This week, Y’s movie critic, Kevin McIndoe, takes a look at Dunkirk, Mubarakan, Youm Min Al Ayam and Seven Sisters.
For those of you who don’t know, Dunkirk was the turning point in the Second World War, in more ways
The battle encompassed the evacuation of British and Allied forces from the French harbour town in
As the German Third Reich forced them into the sea, around 340,000 troops were picked up by plucky civilians in boats who had sailed across the English Channel to assist the Royal Navy rescue mission.
Of course, if you wanted to be picky, you could argue that it wasn’t exactly a victory; more a glorious retreat of the Allied troops who came back to fight another day. And in Dunkirk, the role of dogged French troops has largely been ignored, too.
Still, Hollywood has sought to rewrite history in its own US image when it suits, and so stiff-upper-lipped, starch-collared British drama from a bygone age has been big at the box office this year e.g. Viceroy’s House, A United Kingdom). It’s good for business, clearly.
However, unlike some of those spotty efforts that seek to radiate a rose-tinted view of yesteryear, Dunkirk pulsates with action, power, pluck, patriotism and an underlying avowal of what really put the “Great” into Great Britain.
It’s a simply earth-shattering effort from director Christopher Nolan, who has joined that august club of great war directors such as Francis Ford Coppola, Steven Spielberg, Oliver Stone and Kathryn Bigelow.
Dunkirk is a perfect showcase for some of the best British and Irish actors around: Tom Hardy, Kenneth Branagh, Mark Rylance and Cillian Murphy.
However, it does have the foppish former boyband star Harry Styles in it; presumably to bring the teens in. At least the dear chap has cut his hair.
I say, chaps; this is a rare treat.
Review by Kevin McIndoe.
Karan and Charan are identical twins who couldn’t be more different. Karan has grown up in London and is smart, savvy and sophisticated while Charan, who has grown up in Punjab, is down-to-earth, diligent and honest.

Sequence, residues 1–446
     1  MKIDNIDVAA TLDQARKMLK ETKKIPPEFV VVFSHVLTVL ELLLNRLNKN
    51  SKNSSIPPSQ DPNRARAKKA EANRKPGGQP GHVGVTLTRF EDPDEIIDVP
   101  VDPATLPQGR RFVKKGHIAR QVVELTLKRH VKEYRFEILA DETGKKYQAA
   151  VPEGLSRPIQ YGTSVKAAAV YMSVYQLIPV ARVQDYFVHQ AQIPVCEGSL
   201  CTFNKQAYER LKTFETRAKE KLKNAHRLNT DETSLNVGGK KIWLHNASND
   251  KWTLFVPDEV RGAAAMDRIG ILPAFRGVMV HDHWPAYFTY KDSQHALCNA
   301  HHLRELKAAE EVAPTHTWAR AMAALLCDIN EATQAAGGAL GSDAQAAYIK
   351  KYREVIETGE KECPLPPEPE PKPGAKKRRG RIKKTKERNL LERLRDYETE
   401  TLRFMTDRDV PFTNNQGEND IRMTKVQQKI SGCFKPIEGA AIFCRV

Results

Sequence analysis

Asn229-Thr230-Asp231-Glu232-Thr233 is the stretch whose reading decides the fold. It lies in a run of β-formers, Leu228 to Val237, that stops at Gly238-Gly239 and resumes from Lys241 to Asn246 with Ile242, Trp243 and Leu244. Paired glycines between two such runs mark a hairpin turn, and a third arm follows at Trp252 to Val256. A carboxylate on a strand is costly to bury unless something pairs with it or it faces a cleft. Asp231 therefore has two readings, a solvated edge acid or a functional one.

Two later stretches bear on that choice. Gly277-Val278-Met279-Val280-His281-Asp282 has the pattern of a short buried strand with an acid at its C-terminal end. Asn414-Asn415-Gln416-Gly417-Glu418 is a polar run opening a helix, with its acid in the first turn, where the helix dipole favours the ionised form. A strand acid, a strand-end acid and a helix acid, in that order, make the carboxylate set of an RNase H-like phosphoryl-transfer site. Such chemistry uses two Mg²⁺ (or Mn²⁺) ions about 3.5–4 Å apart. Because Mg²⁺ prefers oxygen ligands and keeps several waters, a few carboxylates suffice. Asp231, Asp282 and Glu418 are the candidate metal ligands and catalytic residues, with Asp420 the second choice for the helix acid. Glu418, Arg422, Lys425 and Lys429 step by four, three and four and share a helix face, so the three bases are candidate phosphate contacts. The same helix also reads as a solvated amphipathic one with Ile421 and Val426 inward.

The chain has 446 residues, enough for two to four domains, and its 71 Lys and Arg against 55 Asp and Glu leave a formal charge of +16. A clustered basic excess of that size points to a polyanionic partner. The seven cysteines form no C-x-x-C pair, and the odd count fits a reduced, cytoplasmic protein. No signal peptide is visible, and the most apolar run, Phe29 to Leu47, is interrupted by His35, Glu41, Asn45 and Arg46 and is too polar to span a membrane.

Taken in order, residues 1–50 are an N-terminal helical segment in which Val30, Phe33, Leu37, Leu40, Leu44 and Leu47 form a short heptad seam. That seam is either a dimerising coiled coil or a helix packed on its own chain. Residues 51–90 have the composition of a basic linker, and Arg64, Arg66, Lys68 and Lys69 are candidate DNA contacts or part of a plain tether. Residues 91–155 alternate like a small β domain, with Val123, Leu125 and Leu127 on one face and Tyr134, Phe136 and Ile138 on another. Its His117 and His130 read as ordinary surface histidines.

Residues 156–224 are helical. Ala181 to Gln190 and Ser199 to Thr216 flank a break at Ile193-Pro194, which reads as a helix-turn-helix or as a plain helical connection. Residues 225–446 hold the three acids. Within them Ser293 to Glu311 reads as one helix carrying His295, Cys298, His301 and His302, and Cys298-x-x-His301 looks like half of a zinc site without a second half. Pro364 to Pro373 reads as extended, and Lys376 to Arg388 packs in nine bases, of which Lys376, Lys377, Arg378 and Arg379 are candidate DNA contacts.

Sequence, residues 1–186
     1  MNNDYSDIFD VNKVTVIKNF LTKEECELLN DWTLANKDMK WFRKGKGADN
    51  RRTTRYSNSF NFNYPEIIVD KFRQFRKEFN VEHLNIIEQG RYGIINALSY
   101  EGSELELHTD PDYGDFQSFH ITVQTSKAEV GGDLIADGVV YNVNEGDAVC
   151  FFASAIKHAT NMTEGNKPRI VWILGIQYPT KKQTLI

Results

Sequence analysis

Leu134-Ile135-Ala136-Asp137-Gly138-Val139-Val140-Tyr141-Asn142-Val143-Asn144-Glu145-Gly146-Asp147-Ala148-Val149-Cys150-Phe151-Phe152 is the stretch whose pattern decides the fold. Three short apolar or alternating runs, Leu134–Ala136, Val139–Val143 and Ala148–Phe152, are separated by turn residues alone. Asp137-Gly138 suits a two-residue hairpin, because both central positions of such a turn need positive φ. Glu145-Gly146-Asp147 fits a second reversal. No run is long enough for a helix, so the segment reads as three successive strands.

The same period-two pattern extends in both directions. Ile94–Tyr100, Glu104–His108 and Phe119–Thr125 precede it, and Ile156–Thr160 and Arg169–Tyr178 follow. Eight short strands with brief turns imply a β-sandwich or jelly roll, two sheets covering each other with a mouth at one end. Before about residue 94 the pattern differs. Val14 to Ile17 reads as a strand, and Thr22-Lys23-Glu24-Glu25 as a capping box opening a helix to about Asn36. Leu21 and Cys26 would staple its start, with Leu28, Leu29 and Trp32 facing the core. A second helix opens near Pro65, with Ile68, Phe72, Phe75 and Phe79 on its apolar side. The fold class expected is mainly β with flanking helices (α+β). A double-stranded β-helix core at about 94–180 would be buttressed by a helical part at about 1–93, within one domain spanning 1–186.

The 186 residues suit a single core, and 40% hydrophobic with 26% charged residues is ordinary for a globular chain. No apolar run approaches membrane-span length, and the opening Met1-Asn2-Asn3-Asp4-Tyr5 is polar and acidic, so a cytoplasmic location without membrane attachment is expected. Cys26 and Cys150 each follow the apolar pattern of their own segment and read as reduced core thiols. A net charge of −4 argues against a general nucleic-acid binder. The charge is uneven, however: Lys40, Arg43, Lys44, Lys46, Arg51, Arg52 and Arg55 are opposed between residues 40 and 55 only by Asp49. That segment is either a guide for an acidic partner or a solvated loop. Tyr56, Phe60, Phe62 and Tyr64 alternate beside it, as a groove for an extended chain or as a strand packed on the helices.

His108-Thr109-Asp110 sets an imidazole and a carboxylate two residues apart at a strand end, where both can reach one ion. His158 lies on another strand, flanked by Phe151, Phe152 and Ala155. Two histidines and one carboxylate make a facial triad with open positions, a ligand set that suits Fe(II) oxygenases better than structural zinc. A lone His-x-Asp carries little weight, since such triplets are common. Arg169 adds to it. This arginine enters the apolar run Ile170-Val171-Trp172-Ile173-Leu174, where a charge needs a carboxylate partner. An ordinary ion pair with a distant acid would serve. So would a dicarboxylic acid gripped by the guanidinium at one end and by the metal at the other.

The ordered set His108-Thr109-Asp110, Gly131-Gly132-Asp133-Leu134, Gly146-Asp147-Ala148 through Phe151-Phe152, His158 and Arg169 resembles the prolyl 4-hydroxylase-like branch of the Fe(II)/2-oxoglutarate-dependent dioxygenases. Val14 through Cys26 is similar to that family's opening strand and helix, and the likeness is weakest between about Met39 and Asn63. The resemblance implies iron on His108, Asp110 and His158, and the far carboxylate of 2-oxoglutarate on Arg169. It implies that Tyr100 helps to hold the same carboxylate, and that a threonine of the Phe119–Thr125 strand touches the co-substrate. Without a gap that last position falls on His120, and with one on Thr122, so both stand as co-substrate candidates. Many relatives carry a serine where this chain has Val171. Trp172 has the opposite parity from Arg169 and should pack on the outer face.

When Karan’s marriage is arranged for him to marry into one of the wealthiest families in London, he is not that keen (surprisingly). He suggests his brother takes his place. However his sibling is rather more taken with the fragrant Nafisa. It’s not the first time on film twins have threatened to swap places but this doesn’t go overboard on the farce and is all the more enjoyable as a result. Anil Kapoor and Arjun Kapoor star.
Youm Min Al Ayam
Stalwart Egyptian star Mahmoud Hemida plays an indefatigable bus driver ferrying around a number of couples at different stages in both their lives and relationships. This romantic drama manages to focus on each couple but does so skilfully without making each partnership look disparate. Of course, ensemble pieces have been done before (The VIPs, Ship of Fools etc) but this is a charming patchwork of nuanced performances in a film that is beautifully shot (despite being set around a bus terminus), well-paced and nicely acted. At least one scenario should strike a chord with someone somewhere, which is, basically, the beauty of cinema.
I’m quite partial to a dystopian sci-fi thriller, and if one is to star two of the world’s most watchable and forceful actresses i.e. Noomi Rapace and Glenn Close, the premise looks good. In this, it’s a world in which overpopulation has resulted in one-parent families, and seven sisters named after the days of the week (all played by Rapace) have to pretend to be one person to avoid the attention of the sinister Child Allocation Bureau. I’m not sure if the two protagonists will be at loggerheads, but if they are then we’re in for a treat. It’s not simply going to be handbags at dawn; that’s for sure.
Oman Release Date : August 17